WESTERN WATER-A Colorado River Veteran Moves Upstream and Plunges into the Drought-Stressed River’s Mounting Woes
Read our Western Water Q&A, Water Word of the Day and Five Don't-Miss Water Reads from Across the West
Dear Western Water readers:
Chuck Cullom is used to responding to myriad challenges that arise on the Colorado River. But this summer problems on the drought-stressed river are piling up at a dizzying pace: Reservoirs plummeting to record low levels, question of whether Hoover Dam and Glen Canyon Dam can continue to release water and produce hydropower and unprecedented water cuts.
As executive director of the Upper Colorado River Commission, Cullom brings an unusual perspective to the growing list of challenges. Cullom spent the last two decades viewing issues on the river through a Lower Basin lens, managing drought strategies and mitigation plans for the Central Arizona Project. Now, in his first year at the commission, Cullom has the chance to use his dual-basin perspective to help the seven states and 30 federally recognized tribes hash out ways to address the river’s issues.
In the latest Western Water Q&A, Cullom explains the importance of communicating effectively on the river, why the Upper Basin’s five-point plan doesn’t require mandatory water cuts or offer potential savings amounts and the push to make the Lower Basin responsible for evaporation losses at Lake Mead. Read the full story here.
Water Around the West
Five don’t-miss articles from California and across the West:
Climate change is ravaging the Colorado River. There’s a model to avert the worst: The New York Times’ Henry Fountain explains how a collaborative approach used to combat water shortages in Washington State’s Yakima River Basin could serve as a model for ongoing talks on the similarly drought-ridden Colorado River.
Here’s the alarming amount of ice California’s longest glacier just lost in the heat wave: Scientists are alarmed at the unprecedented snow melt-off occurring on Mount Shasta amid this month’s blistering heat wave and the West’s ongoing drought, reports Kurtis Alexander for the San Francisco Chronicle.
California says the beaver can be a superhero in fighting climate change: California is launching a beaver restoration unit, eager to study whether the resourceful rodent can help the state meet its climate goals, writes Nathan Solis for the Los Angeles Times.
‘Water is our most precious resource’: alfalfa farmers asked to give up crop amid megadrought in the Southwest: The Guardian’s Jessica Fu highlights the uncomfortable spotlight Southwest alfalfa growers find themselves in as they continue to grow the thirsty crop with water from the dwindling Colorado River.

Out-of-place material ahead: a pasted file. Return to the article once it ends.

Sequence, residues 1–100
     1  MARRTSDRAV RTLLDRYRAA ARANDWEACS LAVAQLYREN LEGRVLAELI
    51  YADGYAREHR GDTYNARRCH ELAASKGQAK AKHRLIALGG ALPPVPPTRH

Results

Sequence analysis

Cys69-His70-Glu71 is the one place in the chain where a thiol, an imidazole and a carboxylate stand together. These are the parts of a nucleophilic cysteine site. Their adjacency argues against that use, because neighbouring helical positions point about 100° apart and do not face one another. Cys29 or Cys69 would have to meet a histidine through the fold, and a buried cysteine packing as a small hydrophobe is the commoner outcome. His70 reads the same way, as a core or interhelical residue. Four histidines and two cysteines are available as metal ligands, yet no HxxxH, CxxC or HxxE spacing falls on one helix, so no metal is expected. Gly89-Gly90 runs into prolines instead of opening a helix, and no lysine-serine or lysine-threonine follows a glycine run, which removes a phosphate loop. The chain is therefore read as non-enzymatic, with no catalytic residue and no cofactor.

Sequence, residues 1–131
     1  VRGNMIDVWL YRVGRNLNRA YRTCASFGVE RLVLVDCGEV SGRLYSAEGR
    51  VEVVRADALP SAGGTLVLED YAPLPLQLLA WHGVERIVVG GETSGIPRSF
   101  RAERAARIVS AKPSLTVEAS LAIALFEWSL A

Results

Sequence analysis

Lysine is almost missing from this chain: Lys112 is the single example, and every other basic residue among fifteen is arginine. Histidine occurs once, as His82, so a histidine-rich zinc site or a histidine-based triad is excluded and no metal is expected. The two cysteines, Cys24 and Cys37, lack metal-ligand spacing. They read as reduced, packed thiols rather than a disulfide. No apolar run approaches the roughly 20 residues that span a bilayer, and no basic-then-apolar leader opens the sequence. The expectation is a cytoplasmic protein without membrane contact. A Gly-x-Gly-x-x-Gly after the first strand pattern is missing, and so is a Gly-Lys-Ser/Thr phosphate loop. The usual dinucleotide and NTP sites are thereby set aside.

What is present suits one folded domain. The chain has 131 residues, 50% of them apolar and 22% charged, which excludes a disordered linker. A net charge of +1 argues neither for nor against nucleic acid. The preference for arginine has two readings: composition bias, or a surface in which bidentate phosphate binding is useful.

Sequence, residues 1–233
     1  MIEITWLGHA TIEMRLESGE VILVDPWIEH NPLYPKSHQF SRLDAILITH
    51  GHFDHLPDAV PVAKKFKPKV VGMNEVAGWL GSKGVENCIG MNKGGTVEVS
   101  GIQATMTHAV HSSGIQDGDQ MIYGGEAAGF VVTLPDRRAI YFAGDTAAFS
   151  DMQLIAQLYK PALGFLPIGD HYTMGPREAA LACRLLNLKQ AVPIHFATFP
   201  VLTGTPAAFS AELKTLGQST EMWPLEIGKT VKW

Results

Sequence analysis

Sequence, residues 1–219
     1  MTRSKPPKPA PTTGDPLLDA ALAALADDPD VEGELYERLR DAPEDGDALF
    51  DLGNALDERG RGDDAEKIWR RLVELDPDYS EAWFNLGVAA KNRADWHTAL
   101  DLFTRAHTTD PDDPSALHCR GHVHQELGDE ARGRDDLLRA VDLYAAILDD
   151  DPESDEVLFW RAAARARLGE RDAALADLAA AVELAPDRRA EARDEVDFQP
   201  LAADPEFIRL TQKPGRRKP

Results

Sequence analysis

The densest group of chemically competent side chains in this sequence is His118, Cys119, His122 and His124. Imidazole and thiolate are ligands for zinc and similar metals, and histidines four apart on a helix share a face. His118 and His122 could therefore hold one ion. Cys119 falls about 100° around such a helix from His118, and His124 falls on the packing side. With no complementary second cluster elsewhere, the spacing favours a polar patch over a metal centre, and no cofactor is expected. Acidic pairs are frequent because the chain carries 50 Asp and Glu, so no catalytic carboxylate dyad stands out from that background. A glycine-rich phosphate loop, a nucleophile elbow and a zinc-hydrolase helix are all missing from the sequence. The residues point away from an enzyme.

Europe was once green and water-rich. Now, it’s more and more like California: Jaweed Kaleem and Scott Johnson of the Los Angeles Times report from Europe which, like California, is trudging through a summer of triple-digit heat waves, drought and water shortages.
Water Word of the Day
Humans living in the Southwest have relied on the Colorado River for almost 1,500 years, using its bountiful flows to farm and flourish under arid conditions. From the river’s headwaters in the Rocky Mountains to the Gulf of Mexico, more water is exported from the Colorado River Basin than any other in the United States. Today the Colorado’s flows are split up among seven western states, Mexico and 30 federally recognized tribes under a series of compacts and court decisions collectively referred to as the “Law of the River.” For a historical summary of the river’s key developments, check out our Colorado River Timeline in Aquapedia, our free online water encyclopedia.
At the Foundation
Science journalist and author Erica Gies, promoter of what she calls “Slow Water” innovations that can potentially offer resilience to the increasing severity of droughts and floods brought on by climate change, will be the keynote speaker at the Foundation’s Water Summit, which returns in person Oct. 27 in Sacramento. Now in its 38th year, our premier annual event will engage and inform attendees with conversations about critical issues affecting water statewide and across the West. This year’s theme: “Rethinking Water in the West.” Registration is now open.
Our Colorado River Bundle covers the history of the river’s development and the more recent efforts water mangers have made to combat water shortages caused by drought and climate change. This bundle features our Colorado River Layperson’s Guide, Layperson’s Guide to the Colorado River Delta and the visually impressive 24×36-inch Colorado River Basin Map. The comprehensive bundle is a perfect way to get acquainted with the vital lifeline of the American Southwest.